Clinical Updates: Novel Insights in Diabetes

Last week, in my first article, I wrote about novel insights in Cardiology – more precisely about a study on how the combination of 2 lowering therapies (cholesterol and TG) may affect the medical costs in patients with Type 2 Diabetes Mellitus. On this subject, our reader Mr. Rob Padmore sent me an email where he remarked some interesting points of 2 DM. Therefore, I decided to go forward with novel insights in diabetes this week.

For obvious reasons, the importance of diabetes research doesn’t need complex grounds: the number of people affected is rising at such a rate that now we can cal it as a global pandemic. According to a report by WHO, the number of people with diabetes has risen from 108 million in 1980 to 422 million in 2014. It is the major cause of blindness, kidney failure, heart attacks, stroke and lower limb amputation. Unlike Type 1, the prevention and delay of 2 DM depends entirely on healthy diet, regular physical activity, maintenance of a normal body weight and avoidance of tobacco use.

Other factors are being studied and that’s why I bring to you the work of Kathrin Wolf and her team with for the main American Diabetes Association publication. This work studied the association between long-term exposure to air pollution and biomarkers related to insulin resistance, subclinical inflammation and adipokines.

It is known that insulin resistance (IR) is present long before the unset of type 2 diabetes and results not only from inherited and lifestyle factors but also likely from environmental conditions. So the group analyzed associations between individual air pollution concentration estimated by land use regression and HOMA-IR, glucose, insulin, hemoglobin A1C, leptin and high-sensitivity C-reactive protein levels from fasting samples using multivariable linear regression models. There were multiple subgroups of individuals who did not have diabetes, had prediabetes or had diabetes.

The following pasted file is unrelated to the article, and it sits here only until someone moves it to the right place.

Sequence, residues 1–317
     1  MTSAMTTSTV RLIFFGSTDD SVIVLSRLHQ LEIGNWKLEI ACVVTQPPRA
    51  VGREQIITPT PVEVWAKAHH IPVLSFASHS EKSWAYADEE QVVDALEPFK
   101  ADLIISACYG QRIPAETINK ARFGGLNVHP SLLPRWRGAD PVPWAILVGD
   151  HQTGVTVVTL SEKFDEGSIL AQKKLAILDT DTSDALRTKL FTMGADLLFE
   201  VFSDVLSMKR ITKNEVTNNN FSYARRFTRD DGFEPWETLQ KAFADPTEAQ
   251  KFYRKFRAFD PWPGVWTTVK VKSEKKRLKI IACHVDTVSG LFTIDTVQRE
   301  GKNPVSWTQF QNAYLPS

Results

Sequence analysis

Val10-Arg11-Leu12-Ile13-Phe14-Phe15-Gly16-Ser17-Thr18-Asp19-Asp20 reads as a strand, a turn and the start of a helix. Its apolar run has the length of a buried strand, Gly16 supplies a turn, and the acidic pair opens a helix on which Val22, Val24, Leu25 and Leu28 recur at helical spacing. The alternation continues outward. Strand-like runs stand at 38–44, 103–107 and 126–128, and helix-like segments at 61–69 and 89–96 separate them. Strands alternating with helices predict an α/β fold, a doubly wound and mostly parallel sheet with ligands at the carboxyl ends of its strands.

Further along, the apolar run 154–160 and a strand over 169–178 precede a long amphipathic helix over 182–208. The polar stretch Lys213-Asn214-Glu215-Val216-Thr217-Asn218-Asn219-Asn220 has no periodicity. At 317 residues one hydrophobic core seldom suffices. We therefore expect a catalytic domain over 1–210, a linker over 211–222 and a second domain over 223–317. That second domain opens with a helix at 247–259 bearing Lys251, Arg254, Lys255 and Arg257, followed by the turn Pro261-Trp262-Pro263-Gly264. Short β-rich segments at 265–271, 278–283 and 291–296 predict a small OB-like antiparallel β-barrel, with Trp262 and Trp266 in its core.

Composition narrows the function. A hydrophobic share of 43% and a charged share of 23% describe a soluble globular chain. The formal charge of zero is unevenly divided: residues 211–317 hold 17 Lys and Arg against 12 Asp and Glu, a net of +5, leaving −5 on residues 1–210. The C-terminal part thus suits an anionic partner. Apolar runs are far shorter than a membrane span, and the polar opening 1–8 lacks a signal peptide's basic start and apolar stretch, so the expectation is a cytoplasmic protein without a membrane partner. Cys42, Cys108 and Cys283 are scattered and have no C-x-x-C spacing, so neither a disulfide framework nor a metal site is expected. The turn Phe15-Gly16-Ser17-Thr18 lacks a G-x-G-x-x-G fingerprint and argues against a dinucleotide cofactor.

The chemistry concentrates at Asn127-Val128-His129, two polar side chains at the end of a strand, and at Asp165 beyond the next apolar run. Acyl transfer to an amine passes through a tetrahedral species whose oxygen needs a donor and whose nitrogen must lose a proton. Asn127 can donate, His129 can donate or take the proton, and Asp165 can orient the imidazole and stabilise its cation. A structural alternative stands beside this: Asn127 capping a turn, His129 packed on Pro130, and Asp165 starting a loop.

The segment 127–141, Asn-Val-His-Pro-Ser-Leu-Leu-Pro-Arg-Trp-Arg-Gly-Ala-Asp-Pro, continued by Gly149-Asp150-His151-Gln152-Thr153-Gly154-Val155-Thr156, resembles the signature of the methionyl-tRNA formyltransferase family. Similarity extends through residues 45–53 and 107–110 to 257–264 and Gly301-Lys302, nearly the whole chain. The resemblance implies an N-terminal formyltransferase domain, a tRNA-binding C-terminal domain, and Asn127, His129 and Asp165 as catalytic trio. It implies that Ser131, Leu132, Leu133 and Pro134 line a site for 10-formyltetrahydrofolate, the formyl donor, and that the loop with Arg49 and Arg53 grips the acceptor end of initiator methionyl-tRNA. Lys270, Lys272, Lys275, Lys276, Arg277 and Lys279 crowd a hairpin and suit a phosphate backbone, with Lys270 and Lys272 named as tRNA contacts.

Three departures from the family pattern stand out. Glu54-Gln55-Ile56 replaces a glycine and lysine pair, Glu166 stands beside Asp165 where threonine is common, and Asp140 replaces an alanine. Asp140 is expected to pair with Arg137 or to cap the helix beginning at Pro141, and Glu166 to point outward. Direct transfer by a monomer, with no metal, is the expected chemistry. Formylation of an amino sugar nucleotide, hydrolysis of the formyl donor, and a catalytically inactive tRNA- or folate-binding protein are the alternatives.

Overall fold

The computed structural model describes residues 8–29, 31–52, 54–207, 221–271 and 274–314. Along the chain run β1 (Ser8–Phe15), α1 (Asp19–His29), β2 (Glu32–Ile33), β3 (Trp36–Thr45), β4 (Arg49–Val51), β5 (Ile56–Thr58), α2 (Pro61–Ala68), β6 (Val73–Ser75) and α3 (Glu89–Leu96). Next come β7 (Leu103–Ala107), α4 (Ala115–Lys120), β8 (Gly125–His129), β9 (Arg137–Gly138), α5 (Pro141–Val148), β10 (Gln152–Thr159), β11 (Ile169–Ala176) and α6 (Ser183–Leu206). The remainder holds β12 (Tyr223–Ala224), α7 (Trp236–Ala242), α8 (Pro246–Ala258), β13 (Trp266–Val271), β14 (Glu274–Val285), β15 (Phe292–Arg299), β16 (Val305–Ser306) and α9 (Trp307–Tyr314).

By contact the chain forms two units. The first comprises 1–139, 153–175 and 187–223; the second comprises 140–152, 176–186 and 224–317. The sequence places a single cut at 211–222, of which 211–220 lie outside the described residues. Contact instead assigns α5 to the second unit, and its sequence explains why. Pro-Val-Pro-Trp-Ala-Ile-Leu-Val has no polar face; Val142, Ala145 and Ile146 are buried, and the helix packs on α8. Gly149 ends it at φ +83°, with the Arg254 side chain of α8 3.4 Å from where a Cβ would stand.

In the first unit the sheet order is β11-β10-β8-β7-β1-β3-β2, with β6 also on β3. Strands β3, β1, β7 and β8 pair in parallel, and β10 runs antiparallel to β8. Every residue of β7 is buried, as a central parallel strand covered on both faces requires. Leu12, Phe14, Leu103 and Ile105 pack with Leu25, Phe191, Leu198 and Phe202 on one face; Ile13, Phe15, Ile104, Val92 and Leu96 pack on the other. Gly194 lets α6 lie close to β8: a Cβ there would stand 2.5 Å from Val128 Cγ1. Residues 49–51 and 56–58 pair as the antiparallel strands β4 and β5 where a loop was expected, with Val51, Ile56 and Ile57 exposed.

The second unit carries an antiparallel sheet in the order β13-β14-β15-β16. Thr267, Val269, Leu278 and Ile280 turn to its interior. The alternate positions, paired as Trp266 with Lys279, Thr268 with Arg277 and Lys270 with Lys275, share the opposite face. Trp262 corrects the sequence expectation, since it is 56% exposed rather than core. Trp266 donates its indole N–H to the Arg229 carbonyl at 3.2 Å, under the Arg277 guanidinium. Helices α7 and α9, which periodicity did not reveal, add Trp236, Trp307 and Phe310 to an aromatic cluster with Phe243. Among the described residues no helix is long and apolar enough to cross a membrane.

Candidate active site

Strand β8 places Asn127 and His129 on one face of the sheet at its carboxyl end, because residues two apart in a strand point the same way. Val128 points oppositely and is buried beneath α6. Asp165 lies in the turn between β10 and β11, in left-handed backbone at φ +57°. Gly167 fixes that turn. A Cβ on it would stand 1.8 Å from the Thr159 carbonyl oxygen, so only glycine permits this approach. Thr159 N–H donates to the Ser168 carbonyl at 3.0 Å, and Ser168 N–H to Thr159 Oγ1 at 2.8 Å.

Among all participants, a 7.9 μg/m3 increment in particulate matter of <10 μm was associated with higher HOMA-IR (15.6% [95% CI 4.0; 28.6]) and insulin (14.5% [3.6; 26.5]). Nitrogen dioxide was associated with HOMA-IR, glucose, insulin, and leptin. Effect estimates for individuals with prediabetes were much larger and highly statistically significant, whereas individuals who did not have diabetes or had diabetes showed rather weak associations. No association was seen for HbA1c level. These results suggested an association between long-term exposure to air pollution and IR in the general population was attributable mainly to individuals with diabetes.

This is not the first and will not be the last research on how air pollution consitutes a risk factor for diabetes, heart disease, obesity and IR in children. These would be bad news for industrialized countries (such as U.S.) if published two weeks ago, but I’m afraid to announce that are terrible news since the election of a president who does not believe in climate change.

Just like last week, I finsih with some WHO tips on how can the burden of diabetes be reduced:

  • achieve and maintain healthy body weight;
  • be physically active – at least 30 minutes of regular, moderate-intensity activity on most days. More activity is required for weight control;
  • eat a healthy diet, avoiding sugar and saturated fats intake; and
  • avoid tobacco use – smoking increases the risk of diabetes and cardiovascular diseases.

Leave a Comment

Share This